Synopsis: Admeto

from Georg Friedrich Haendel

Admeto is dying. His wife Alceste prays to Apollo, and a voice from the god's statue says that Admeto must die unless someone else sacrifices their life in his pace.
Antigona, a Trojan princess, her companion Meraspe arrive disguised as sheperdesses. Antigone, who had been betrothed to Admeto, accuses him of unfaithfulness. Alceste kills herself to save her husband; Trasimede, Admeto's brother, identifies Antigona from a portrait.

Ercole rescues Alceste from hell. Antigona's portrait is brought to Admeto, who is attracted to her but remembers his lost Alceste: he notes the portrait's resemblance to the "shepherdess", but is told that Antigona died at Troy.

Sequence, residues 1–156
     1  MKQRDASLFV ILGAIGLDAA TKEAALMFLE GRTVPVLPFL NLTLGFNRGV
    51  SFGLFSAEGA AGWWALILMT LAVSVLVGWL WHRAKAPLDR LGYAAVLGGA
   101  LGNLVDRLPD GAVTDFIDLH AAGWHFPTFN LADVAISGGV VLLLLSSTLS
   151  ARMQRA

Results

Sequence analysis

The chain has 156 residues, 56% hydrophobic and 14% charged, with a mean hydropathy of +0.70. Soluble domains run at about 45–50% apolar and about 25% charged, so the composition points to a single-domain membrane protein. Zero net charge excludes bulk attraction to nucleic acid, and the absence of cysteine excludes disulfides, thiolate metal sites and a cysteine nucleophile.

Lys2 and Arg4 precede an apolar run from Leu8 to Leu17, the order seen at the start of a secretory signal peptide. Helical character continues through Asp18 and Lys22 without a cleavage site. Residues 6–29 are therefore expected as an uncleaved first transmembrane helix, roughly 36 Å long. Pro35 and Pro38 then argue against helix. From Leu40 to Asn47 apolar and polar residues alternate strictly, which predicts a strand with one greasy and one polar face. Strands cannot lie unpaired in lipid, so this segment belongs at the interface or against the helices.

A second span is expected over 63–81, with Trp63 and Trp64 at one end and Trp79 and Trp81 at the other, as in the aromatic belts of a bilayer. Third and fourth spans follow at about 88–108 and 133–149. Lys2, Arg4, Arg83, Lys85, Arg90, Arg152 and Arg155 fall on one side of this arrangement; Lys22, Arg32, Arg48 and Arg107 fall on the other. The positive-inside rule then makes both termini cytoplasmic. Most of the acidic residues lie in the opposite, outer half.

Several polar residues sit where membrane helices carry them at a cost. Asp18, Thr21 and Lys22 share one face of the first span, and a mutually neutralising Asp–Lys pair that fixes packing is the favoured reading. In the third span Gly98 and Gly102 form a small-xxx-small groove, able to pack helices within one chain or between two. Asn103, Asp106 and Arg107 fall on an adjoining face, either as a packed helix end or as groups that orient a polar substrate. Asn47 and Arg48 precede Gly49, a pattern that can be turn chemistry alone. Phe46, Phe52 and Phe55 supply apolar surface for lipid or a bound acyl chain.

Alceste returns disguised as a soldier and finds Antigona admiring Admeto's portrait.

Antigona's identity is revealed to Admeto and when Ercole tests him by saying that he had failded to rescue Alceste, Admeto appears unmoved. The betrothal of Admeto and Antigona is arranged, but Trasimede wants Antigona for himself and plans to kill his brother. As Admeto and Antigona enter, he hides, unaware that Alceste also has concealed herself in the room: he steps forward to stab Admeto, but is intercepted by Alceste. She reveals her identity and is reunited with her husband, yielded al last by Antigona.